Thursday, May 24, 2012
Allen: U.S.-Pakistan Military Negotiations ‘Very Positive’
By Karen Parrish
American Forces Press Service
WASHINGTON – Military-to-military talks between the U.S. and Pakistan, which recently resumed after a lapse, are going well, the commander of NATO and U.S. forces in Afghanistan said today.
Marine Corps Gen. John R. Allen, International Security Assistance Force commander, acknowledged during a Pentagon press briefing that the issue of reopening Pakistani ground supply routes to NATO is still unresolved. Pakistan closed the routes after a late-November 2011 cross-border attack by NATO forces near a border coordination center in Afghanistan’s Kunar province accidently killed 24 Pakistani soldiers.
“I have recently led a team to Islamabad to renew our conversation with the Pakistani military,” Allen said, noting the participants had “a very positive conversation about taking steps and measures necessary to prevent a recurrence of the events of 25 and 26 November.”
He said Lt. Gen. Shir Mohammad Karimi, general staff chief of operations for the Afghan National Army, also traveled to Islamabad for the two-day military talks with Gen. Ashfaq Parvez Kayani, the Pakistani army chief of staff.
“We committed ourselves to recurring meetings … with the idea of creating a constructive long-term relationship between Afghanistan and Pakistan,” Allen said.
Allen noted Pakistan has many challenges along its border with Afghanistan. Pakistan’s forces are also fighting an insurgency, he said, and they have taken more casualties in the last two years than the U.S. has in 10 years of combat in Afghanistan.
“Where we can find intersection of our interests, we should leverage those,” the general said. “And I think we're to the point where that conversation can occur.”
Since the ground supply routes through Pakistan into Afghanistan closed in November, Allen said, military cargo has moved through the northern distribution network, a set of logistic arrangements connecting Baltic and Caspian ports with Afghanistan via Russia, Central Asia and the Caucasus.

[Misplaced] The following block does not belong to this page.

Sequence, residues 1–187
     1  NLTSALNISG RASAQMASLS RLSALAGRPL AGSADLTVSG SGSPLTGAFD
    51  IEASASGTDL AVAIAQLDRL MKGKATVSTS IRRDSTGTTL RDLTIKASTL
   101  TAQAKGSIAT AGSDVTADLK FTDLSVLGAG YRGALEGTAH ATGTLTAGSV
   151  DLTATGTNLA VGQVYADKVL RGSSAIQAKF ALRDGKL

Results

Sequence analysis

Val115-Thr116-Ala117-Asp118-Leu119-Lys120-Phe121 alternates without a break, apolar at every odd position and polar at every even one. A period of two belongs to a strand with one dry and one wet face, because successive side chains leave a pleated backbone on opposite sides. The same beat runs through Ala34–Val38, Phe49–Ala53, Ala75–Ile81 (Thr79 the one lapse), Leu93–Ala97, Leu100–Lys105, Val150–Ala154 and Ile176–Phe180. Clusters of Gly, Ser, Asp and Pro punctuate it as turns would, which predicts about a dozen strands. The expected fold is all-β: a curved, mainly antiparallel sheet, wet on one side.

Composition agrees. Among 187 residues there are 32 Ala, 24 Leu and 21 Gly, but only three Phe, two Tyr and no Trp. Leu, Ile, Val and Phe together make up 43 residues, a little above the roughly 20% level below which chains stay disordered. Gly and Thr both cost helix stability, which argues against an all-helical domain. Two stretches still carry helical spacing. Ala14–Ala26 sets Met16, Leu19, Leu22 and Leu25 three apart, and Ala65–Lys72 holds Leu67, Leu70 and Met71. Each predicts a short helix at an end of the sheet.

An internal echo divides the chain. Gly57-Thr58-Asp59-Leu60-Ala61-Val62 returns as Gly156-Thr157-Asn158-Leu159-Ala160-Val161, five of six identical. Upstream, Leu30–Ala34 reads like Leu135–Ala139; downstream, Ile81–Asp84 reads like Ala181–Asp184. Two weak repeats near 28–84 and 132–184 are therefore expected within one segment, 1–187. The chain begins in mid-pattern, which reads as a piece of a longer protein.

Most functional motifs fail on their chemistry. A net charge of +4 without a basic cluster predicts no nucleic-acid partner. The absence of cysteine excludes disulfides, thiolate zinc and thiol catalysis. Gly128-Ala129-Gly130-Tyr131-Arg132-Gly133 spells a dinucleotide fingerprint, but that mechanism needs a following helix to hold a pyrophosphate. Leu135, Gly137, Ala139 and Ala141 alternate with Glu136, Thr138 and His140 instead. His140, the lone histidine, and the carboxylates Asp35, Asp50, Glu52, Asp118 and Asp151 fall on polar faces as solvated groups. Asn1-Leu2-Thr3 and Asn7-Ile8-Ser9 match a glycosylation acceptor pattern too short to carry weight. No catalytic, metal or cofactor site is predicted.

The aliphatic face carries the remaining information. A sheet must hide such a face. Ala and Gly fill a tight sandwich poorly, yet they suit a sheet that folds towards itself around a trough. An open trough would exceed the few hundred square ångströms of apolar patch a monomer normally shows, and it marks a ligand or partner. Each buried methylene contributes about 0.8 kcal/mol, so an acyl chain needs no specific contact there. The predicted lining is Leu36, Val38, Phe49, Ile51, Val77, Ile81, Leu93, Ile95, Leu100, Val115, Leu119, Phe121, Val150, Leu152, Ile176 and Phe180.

Immediately after Pakistan closed off the ground supple routes, the U.S. Air Force and U.S. Transportation Command ramped up transport schedules to maintain the flow of supplies, Allen said.
“One of the great resources of the United States is the United States Air Force,” the Marine Corps general noted. The United States’ strategic logistics capabilities ensured the campaign and the supply chain supporting it continued uninterrupted, he added.
Supply stocks in Afghanistan are greater today than they were November 25, Allen said. At no point, he said, had gasoline dropped to less than a 30-day supply, the lowest level any supply stock had reached since the closure.
Allen noted the current routes are about twice as expensive and take more time than did supplies arriving through the ground route from Pakistan.
Allen emphasized he is not involved in government or policy discussions with Pakistan. But, he said, reestablishing communications among U.S., Pakistani and Afghan military leaders is “a very positive step” toward reopening supply routes.
“It is a negotiation, and negotiations take time, so I can't predict what the outcome will be and how soon that will be,” he said.